Turns Out Trump Wasn’t Joking, Is Legit Slowing Down COVID-19 Testing

What a load of covfefe.

Just when you thought Trump’s response to the coronavirus pandemic couldn’t get any worse, he’s decided to slow down testing. Don’t ask…

Donald Trump has complained many times about how COVID-19 testing makes him look bad, but his actions and his justification at this point, are just laughable.

During his Tulsa rally last weekend, you know the one that was mostly empty because of the work of k-pop stans and TikTok users, Donald Trump made a bold claim regarding COVID-19 testing. He said, “Testing is a double-edged sword… Here’s the bad part. When you do testing…. you will find more cases. So I said to my people, ‘Slow the testing down, please.’” 

We spoke about this Trump rally on this episode of It’s Been A Big Day For…

We understand that Donald Trump is threatened by the infection figures in the States, for political reasons, but the idea of pulling federal testing support, including from new Southern hot spots, is just idiotic. And yet, that’s exactly what he’s done. 

Now, this isn’t the first time Donald Trump has made this argument to the public, only when that happened in the past, even the White House staff tried to downplay his remarks as a joke. But, the thing is, he wasn’t joking and he confirmed that by saying “I don’t kid.”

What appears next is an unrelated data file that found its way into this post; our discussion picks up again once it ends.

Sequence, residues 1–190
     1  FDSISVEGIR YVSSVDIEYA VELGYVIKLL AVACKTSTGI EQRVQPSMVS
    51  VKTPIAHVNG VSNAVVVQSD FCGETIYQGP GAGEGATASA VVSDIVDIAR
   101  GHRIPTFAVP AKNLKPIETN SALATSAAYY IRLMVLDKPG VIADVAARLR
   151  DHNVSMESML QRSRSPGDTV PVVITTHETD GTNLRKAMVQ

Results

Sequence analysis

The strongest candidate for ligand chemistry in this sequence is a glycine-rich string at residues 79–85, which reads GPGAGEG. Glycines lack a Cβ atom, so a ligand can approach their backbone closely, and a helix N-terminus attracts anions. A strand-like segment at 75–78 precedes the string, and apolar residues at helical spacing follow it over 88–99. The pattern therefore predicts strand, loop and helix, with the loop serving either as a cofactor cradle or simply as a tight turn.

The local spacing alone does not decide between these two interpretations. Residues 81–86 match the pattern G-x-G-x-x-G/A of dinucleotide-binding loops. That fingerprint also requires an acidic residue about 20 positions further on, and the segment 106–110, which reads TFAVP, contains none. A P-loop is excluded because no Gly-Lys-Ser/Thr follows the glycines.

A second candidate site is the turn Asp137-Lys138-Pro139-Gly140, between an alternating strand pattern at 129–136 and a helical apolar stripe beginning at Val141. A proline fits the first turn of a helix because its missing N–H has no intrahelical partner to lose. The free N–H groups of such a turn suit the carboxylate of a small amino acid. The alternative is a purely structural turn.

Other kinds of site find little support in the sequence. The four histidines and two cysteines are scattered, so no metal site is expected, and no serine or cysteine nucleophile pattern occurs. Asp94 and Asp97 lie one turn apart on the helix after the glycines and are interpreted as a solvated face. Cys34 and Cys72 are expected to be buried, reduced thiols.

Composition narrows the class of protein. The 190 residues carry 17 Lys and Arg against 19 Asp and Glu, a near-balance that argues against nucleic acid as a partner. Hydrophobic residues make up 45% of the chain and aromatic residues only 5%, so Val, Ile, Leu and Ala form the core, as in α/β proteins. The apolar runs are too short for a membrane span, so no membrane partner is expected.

So now, even though the percentage of positive cases is now rising again in the States, Trump is pulling funding. The U.S. Department of Health and Human Services has announced that it will pull funding from over 12 drive-through testing sites across five states at the end of June. One of those States is Texas which has become somewhat of a COVID-19 hotspot because it was largely spared in the initial months of the outbreak. 

This news comes after the United States just recorded a new daily peak for new cases, with 38,672 in a single day. Honestly, we’re not sure how to react anymore. 

It’s clear that Donald Trump cares about his public image more than anything else at this point. We mean, why else would he go on a 10-minute rant about walking down a ramp? Only this PR stunt, to ensure that America has less COVID-19 cases on paper, is actually putting more lives at risk.